This morning, Harry Potter ebooks became available for the first time ever. Now, you can load the entire Hogwarts library onto your tablet or smartphone — it’s a little like that magical, never-quite-filled bag that Hermione carried all over the wizarding world in book seven.
As with any form of magic, there’s a catch — the books can only be purchased from J.K. Rowling’s Pottermore site. Since she’s retained the rights to the electronic versions of her books, and because she has the publishing power and capital to create her own distribution source, she’s skipping eretailers altogether. Given the amount of revenue Rowling’s books tend to create, I’m sure this move is hitting Amazon like a well-aimed Cruciatus Curse.
Yes, I made this scarf. Yes, I realize how lame this makes me.
I’ll admit, I’d rather Rowling made her books available to eretailers so that we could sell them from Church Street. But I respect her right as an author to control her work, and I’m glad that she found her own way to circumvent the controlling influence Amazon is having on the publishing industry (like a pack of Dementors, they’re sucking the soul out of literature and calling it a kiss).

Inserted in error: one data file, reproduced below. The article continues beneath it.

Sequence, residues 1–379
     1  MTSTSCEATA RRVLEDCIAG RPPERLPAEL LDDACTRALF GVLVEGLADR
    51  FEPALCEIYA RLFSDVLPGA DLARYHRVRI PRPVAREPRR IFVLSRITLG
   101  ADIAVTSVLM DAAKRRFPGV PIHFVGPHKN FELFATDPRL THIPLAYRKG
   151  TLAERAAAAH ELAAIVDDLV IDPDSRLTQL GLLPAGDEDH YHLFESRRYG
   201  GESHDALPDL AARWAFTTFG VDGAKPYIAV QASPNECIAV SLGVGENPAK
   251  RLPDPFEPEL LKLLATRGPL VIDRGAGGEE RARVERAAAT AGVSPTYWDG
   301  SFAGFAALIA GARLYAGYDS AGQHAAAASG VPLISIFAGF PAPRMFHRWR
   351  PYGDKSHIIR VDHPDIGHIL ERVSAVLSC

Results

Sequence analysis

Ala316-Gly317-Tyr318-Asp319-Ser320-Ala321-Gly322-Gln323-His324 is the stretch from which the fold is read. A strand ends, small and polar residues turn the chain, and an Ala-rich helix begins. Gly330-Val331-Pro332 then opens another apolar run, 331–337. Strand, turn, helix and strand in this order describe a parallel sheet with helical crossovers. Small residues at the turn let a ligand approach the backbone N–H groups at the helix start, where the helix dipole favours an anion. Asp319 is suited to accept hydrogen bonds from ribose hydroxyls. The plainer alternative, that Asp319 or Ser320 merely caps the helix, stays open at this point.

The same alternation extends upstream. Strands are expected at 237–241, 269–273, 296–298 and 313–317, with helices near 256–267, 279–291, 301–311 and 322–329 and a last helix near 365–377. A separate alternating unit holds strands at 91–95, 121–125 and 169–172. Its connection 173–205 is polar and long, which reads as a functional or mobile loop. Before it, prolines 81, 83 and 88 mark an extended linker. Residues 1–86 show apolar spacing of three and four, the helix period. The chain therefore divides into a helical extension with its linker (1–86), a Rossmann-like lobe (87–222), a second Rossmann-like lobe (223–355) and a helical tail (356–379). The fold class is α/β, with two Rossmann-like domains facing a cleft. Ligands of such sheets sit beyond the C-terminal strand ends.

It’s like this: Let’s say independent bookstores are Gryffindor, and J.K. Rowling’s site is Hufflepuff. You’re not exactly glad that she’s won the House Cup, but at least you’re happy it’s out of the hands of Slytherin. (Amazon is Slytherin in this analogy. Obviously.)
If you’re looking for a more traditional way to experience the series, come by Church Street, where we carry all the paperbacks. Or order this awesome trunk full of hardcovers (if you choose store delivery for your shipping option, we won’t charge you shipping). After all, when you support your independent bookstore, you’re investing in the future of all stories, not just Harry Potter. And I think that’s pretty magical.